From: Boris Motik <boris.motik@comlab.ox.ac.uk>

Date: Wed, 21 May 2008 20:12:32 +0100

To: "'Evan Wallace'" <ewallace@cme.nist.gov>, "'Web Ontology Language \(\(OWL\)\) Working Group WG'" <public-owl-wg@w3.org>

Message-ID: <003701c8bb76$9eae3090$4012a8c0@wolf>

Date: Wed, 21 May 2008 20:12:32 +0100

To: "'Evan Wallace'" <ewallace@cme.nist.gov>, "'Web Ontology Language \(\(OWL\)\) Working Group WG'" <public-owl-wg@w3.org>

Message-ID: <003701c8bb76$9eae3090$4012a8c0@wolf>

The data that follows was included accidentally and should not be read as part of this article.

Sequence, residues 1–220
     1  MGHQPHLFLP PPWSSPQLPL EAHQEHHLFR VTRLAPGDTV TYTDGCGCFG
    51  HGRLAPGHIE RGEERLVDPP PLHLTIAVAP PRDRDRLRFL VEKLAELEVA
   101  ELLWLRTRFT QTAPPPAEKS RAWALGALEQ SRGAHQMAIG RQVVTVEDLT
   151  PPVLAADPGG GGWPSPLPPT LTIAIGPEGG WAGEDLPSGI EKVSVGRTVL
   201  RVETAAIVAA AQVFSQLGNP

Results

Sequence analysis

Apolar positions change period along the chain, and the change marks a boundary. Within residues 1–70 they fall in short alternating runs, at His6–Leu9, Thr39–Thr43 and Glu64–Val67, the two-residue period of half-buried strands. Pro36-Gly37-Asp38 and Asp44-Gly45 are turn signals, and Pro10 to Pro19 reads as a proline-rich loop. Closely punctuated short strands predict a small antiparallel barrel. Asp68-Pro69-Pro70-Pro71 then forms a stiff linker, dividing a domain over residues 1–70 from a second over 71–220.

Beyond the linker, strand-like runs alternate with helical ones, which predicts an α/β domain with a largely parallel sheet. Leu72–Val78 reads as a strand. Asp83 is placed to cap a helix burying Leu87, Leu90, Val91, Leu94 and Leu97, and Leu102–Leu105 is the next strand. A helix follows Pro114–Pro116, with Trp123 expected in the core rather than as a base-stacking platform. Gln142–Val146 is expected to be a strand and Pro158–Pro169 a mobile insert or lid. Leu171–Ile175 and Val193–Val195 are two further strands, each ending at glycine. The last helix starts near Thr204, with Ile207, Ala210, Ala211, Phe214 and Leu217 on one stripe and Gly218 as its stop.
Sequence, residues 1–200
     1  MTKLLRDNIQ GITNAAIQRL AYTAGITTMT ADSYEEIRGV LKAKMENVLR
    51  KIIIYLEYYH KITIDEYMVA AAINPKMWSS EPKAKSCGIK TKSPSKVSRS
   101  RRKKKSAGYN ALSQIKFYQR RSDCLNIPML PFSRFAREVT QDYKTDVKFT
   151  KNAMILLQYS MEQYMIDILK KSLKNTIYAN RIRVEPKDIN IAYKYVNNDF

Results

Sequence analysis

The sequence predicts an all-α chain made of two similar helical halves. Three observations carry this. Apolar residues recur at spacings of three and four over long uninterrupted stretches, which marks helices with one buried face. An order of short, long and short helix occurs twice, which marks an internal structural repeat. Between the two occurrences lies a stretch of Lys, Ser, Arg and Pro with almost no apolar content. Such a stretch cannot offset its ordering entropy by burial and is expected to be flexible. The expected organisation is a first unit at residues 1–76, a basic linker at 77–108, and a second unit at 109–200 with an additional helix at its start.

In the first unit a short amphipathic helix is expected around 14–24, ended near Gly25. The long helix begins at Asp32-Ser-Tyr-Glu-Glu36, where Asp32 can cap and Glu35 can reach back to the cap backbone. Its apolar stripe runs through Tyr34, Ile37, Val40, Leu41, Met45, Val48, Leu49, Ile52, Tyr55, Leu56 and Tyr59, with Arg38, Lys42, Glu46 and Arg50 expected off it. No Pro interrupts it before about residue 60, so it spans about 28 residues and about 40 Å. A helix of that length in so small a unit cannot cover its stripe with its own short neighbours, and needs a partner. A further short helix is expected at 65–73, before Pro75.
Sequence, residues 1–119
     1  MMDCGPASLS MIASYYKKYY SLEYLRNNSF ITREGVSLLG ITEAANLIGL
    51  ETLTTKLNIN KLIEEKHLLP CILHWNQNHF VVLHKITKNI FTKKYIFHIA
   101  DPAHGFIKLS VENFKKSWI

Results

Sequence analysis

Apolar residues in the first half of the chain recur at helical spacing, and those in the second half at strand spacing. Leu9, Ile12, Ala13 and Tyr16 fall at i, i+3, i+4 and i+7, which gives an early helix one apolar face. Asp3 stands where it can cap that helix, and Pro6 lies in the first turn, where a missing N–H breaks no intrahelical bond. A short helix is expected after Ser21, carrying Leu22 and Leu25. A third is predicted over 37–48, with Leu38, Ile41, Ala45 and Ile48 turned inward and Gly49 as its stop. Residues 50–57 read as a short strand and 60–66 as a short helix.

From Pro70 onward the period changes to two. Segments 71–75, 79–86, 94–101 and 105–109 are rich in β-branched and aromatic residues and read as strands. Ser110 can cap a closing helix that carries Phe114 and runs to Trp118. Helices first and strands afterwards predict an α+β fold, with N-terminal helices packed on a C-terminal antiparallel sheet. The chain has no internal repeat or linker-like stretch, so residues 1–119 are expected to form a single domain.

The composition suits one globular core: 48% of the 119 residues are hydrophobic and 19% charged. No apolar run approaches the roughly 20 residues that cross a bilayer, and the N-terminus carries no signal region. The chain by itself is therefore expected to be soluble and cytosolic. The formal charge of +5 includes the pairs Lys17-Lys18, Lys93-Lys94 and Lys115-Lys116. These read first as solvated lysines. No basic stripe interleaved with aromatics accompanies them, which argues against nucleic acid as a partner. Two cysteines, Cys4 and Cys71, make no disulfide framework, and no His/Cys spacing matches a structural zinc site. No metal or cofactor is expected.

Hello, Complemented data ranges occur implicitly in an ontology if they occur on the LHS of implications. Here is an example: (1) SubClassOf( SomeValuesFrom( R DatatypeRestriction( xsd:integer minInclusive 5) ) A ) Here, the data range DatatypeRestriction( xsd:integer minInclusive 5) occurs on the LHS. In logic, you can shift things from the LHS to the RHS of implication by negating the class. Thus, this axiom is equivalent to the following axiom: (2) SubClassOf( owl:Thing UnionOf( AllValuesFrom( R ComplementOf( DatatypeRestriction( xsd:integer minInclusive 5) ) ) A ) ) Here, (3) AllValuesFrom( R ComplementOf( DatatypeRestriction( xsd:integer minInclusive 5) ) ) was obtained by complementing (4) SomeValuesFrom( R DatatypeRestriction( xsd:integer minInclusive 5) ). Now here is the crux: if the semantics of data ranges were not defined w.r.t. the entire domain, then these two concepts would not be negations of each other. This would be bad: some straightforward and well-known transformations that usually generate equivalent ontologies would in our case not be applicable. Furthermore, whether you like it or not, the meaning of (1) axiom is in fact equivalent to (2), even if you don't see an explicit negation in it. For example, assume that you also had the following assertions: (5) PropertyAssertion( R ind "bla" ) (6) ClassAssertion( ComplementOf( A ) ind ) Axioms (1)+(5)+(6) are intuitively satisfiable: assertion (5) does not "fire" the rule (1), so we don't derive ind to be an instance of A, which is consistent with (6). So far so good: this is what we want. Now consider what would happen if we interpreted the complemented data range in (2) w.r.t. xsd:integer and not w.r.t. the whole domain. Because of (6), the following axiom must hold: (7) ClassAssertion( AllValuesFrom( R ComplementOf( DatatypeRestriction( xsd:integer minInclusive 5) ) ) ind ) But if we interpreted the complement w.r.t. xsd:integer, then (7) would be equivalent to the following: (8) ClassAssertion( AllValuesFrom( R DatatypeRestriction( xsd:integer maxInclusive 4) ) ind ) But this axiom is invalidated because of (5): ind is connected by R to "bla", which is not an integer smaller than 4! Hence, (5)+(8) is unsatisfiable, which would suggest that (5)+(6)+(2) is unsatisfiable. Thus, turning (1) into (2) -- a quite common operation in logic -- affects the satisfiability of our ontology; well, this IS bad! The moral of this is that, even though you don't see ComplementOf in (1), this complement is implicitly present and the axiom is in fact equivalent to (2). Now here is what I believe this is not an issue in practice. A typical ontology would contain an explicit specification of the range of R: (9) PropertyRange( R xsd:integer ) This axiom now eliminates the "not integer" possibility in (3), which effectively gives you the desired behavior. In our example, (9)+(5) is unsatisfiable, which is good: the unsatisfiability is now there from the beginning and is not affected by equivalent transformations. I hope that this clarifies this issue. Regards, Boris > -----Original Message----- > From: Evan Wallace [mailto:ewallace@cme.nist.gov] > Sent: 21 May 2008 19:03 > To: boris.motik@comlab.ox.ac.uk; Web Ontology Language ((OWL)) Working Group WG > Subject: RE: ISSUE-124 (datarange complement): The complement of a datarange is defined relative to > the whole data domain > > > Boris wrote: > > > I really do not expect people to use complemented data ranges directly. Furthermore, if your > ontology contains range constraints on > > all data properties, then the complement of data ranges really becomes relative to the datatype of > the data range. Most ontologies > > really do contain appropriate range constraints for data properties, so this problem will not be > visible. > Can you elaborate on this perhaps with an example? > > -EvanReceived on Wednesday, 21 May 2008 19:14:10 GMT

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